If the target unit is a long firearm equipped infantry unit in firing line, attacked frontally, that pass their phase 2 reaction test, they then add +1 to their defence rolls in the first round of melee. This essentially reflects drilled troops deployed in a firing line using bayonet armed muskets and rifles. Infantry or artillerymen with small weapons such as carbines do not get this bonus.
If cavalry successfully win a melee then they get a bonus in the post combat ‘hack’, as this is where cavalry are at their most deadly. We give them a +1, however a +2 doesn’t necessarily seem unreasonable either…perhaps this could be reserved for certain cavalry types…it’s +1 for all just at the moment.
Finally, we include an optional, but we think, useful rule once the melee is over. After combat is resolved the involved cavalry unit(s) are given a ‘blown’ marker. This will limit the next activation to recovery. This is essentially the same as the current ‘shaken’ rule which requires that a unit so marked uses its next activation to remove the marker before doing anything else…as the horses catch their breath and the riders their composure…both getting themselves sorted.
These rules taken as a whole emphasise the power of cavalry in the attack, the terror they can instill in the enemy, the effectiveness of their pursuit but vulnerability vs steady infantry and relative vulnerability in a post melee situation.
Before we leave the topic of cavalry it is worth noting that the proper use of cavalry will be in the sequencing (or play) of your activation cards. This will largely determine their success or possible failure in launching an attack. To defend against potential cavalry attacks, infantry players should always remember they have the option to use Vigilance in a turn to ‘hold fire’ which, suitably armed, could be devastating against a mounted charge…
Artillery in Rifles & Spears is more comprehensive than those types presented in Muskets & Tomahawks. Artillery in Muskets & Tomahawks plays a minor part in most games, much like cavalry, but is more prevalent in 19th century armies so needs a closer look.
When surveying armies of the 19th century, particularly in India and Africa, we see the full spread of ‘technologies’. Not only do we need to take account of the 18th century style smoothbore artillery but also the introduction of ‘modern’ smoothbore artillery types of the Napoleonic era subsequent to the introduction of rifled artillery in armies by the mid to late Victorian era.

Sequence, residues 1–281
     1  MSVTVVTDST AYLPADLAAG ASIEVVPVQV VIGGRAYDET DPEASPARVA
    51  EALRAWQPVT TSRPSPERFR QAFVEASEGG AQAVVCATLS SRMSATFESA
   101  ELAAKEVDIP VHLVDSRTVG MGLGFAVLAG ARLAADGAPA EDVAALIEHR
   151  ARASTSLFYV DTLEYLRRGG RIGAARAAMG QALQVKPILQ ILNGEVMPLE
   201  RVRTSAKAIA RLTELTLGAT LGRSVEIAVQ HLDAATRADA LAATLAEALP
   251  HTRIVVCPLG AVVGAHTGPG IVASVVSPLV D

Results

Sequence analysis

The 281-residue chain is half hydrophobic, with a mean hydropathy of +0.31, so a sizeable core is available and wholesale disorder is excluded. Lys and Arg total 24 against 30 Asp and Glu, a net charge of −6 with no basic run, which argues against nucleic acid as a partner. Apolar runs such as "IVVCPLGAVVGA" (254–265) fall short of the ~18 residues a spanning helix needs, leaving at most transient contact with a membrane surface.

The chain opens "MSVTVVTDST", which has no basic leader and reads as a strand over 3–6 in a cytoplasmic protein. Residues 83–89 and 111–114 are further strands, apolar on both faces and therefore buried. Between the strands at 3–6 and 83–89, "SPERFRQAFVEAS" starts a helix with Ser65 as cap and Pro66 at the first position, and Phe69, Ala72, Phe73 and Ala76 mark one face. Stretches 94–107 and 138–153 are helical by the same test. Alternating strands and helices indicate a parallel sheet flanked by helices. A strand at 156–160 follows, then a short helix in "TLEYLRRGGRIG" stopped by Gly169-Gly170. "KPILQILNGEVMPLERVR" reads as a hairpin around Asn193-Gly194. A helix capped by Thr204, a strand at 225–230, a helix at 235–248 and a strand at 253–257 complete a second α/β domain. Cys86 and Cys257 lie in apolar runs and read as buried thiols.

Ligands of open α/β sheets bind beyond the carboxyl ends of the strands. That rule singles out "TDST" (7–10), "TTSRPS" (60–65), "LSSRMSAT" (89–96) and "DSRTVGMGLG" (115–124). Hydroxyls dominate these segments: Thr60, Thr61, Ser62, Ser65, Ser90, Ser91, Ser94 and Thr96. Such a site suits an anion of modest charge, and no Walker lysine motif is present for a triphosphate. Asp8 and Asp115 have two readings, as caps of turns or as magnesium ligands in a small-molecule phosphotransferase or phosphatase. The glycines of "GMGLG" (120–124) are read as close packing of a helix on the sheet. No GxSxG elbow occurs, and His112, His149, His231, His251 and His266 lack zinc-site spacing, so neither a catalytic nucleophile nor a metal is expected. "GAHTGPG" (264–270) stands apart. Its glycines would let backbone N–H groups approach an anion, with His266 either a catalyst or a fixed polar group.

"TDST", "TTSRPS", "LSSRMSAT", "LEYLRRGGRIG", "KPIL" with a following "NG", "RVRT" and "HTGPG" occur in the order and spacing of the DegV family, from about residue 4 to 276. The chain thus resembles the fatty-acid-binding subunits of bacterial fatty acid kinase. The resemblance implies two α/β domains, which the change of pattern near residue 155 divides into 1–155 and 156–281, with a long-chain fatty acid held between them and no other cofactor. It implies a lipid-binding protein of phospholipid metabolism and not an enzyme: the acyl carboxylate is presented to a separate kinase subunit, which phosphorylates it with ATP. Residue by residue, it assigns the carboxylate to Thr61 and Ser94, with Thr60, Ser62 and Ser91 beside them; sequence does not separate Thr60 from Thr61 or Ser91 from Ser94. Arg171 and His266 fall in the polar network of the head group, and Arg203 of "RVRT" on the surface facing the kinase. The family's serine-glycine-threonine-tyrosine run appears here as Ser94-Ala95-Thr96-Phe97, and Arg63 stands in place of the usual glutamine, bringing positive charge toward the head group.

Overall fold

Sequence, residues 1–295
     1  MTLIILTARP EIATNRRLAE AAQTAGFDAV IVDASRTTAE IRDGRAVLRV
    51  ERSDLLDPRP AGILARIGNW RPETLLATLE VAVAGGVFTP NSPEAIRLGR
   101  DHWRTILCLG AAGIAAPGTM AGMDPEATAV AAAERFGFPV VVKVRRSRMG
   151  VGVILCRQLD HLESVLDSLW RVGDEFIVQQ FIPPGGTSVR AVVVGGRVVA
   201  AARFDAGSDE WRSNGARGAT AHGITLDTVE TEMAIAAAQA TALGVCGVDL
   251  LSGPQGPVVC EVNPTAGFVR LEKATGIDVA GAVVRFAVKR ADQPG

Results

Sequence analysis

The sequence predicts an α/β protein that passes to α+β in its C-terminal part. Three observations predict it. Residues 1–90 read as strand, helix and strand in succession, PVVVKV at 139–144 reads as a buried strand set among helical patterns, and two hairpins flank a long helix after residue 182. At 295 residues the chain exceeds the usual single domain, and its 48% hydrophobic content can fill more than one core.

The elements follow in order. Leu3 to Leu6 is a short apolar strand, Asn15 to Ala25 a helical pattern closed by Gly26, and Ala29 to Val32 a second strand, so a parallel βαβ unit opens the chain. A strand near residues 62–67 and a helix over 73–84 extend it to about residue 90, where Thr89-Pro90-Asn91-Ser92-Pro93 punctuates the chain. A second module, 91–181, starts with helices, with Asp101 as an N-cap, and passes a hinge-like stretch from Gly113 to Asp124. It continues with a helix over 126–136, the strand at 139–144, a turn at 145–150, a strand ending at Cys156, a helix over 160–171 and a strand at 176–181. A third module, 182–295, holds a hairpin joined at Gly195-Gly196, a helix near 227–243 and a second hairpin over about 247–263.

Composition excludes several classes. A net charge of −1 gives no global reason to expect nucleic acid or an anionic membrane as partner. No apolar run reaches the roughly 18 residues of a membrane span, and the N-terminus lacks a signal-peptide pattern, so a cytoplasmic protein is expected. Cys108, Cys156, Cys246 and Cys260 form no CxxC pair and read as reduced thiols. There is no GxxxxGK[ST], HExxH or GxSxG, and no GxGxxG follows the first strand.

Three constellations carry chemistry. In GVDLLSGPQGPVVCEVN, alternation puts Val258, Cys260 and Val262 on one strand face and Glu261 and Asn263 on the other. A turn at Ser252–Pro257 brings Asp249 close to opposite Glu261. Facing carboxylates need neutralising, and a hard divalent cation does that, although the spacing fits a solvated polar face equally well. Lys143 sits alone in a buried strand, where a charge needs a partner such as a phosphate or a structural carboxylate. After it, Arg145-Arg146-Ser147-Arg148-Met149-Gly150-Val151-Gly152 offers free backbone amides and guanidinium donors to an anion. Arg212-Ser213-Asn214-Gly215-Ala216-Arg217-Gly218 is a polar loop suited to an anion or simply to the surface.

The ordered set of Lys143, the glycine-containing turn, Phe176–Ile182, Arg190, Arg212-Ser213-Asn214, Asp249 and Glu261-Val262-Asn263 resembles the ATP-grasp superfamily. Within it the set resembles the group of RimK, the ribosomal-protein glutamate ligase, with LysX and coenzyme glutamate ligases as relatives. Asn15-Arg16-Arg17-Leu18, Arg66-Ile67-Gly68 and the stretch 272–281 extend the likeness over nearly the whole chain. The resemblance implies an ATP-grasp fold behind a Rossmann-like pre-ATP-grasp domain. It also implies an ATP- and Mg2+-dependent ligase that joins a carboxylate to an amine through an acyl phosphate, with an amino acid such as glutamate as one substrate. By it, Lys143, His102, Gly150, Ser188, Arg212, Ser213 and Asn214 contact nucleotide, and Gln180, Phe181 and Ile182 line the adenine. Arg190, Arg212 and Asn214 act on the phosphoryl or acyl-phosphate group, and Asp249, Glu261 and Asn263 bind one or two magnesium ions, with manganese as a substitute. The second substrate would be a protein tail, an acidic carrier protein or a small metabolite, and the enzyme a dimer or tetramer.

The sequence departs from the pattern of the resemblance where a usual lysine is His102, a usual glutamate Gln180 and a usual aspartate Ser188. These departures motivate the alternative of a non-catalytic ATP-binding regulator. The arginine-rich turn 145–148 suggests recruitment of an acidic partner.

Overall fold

For our purposes using the sub-divisions of ‘light’ and ‘heavy’ will be in keeping with the existing Muskets & Tomahawks system plus the addition of siege artillery used in a field-gun role. By using these broad categories we can delineate modern from antiquated or excessively large weapons and their use in the game, whether they be rifled or smoothbore.
If we look at the heavy and/or antiquated guns first. Siege artillery will generally encompass weapons larger than 12pdrs (and the rifled artillery equivalent) which saw service at various times in a ‘field gun’ role, most notably in the Mutiny, though certainly in other theatres as well.
The first way we account for these behemoths of the battlefield is by the number of activations the weapons can undertake and also the sequencing of how the weapons are used. For antiquated weapons of the pre Napoleonic era and siege pieces such as naval guns of 18, 24 and 32 pound categories, which often found their way into the field such as the navy crews of the Royal Navy, we use the existing mechanic of two 1-action artillery cards placed in the deck which limits their firing in a turn to one shot ie one action to fire and another to reload.
It also limits any move potential to two actions per turn, reflecting their cumbersome nature. For very large ‘siege’ pieces these weapons gain an additional +1drm when conducting fire against buildings accounting for the destructiveness capability of these ‘heavy hitters’ along with the usual increased lethality of heavy artillery over smaller pieces.
Modern artillery encompass all the Gribeauval style cannons and their successor weapons of the 19th century, typically 7pdr to 12pdr in size. These weapons activate on their ‘troop type’ card, so a Regular artillery battery will have two 2-action cards per turn…doubling the number of activations over siege or antiquated weapons, enhancing their effectiveness. When given a limber these weapons become much more mobile and capable on the tabletop.
Another intended effect of activation by troop type is the ability to coordinate field artillery with other troops of the same class, something not as easy to do with a separate artillery activation card, thus an entirely regular force gains a good deal of coordination between the various arms within a player’s force.
All rifled field artillery is considered modern and hence more accurate and with greater destructive power reflecting the general advancement of targeting and ammunition capability when fired at anything but point blank range, where the smoothbore weapon retains their lethality of 3+ to kill whilst rifled weapons have a slighty reduced 4+ to kill..acknowledging that smoothbore weapons are generally more lethal when firing canister than their rifled equivalents.
Whilst not entirely a precise model overall, this approach broadly rings true and works well enough within the constraints of the card activation system for a mass-skirmish game, which I think actually does a nice job of bringing these factors into play through elegant interaction of the game systems.
As with all things, exceptions can apply where a particular weapon could be classed as a hybrid or different class eg the British muzzle-loading 7pdr in use during the Zulu War would be a good candidate to count as a smoothbore for fire purposes even though it was a rifled weapon.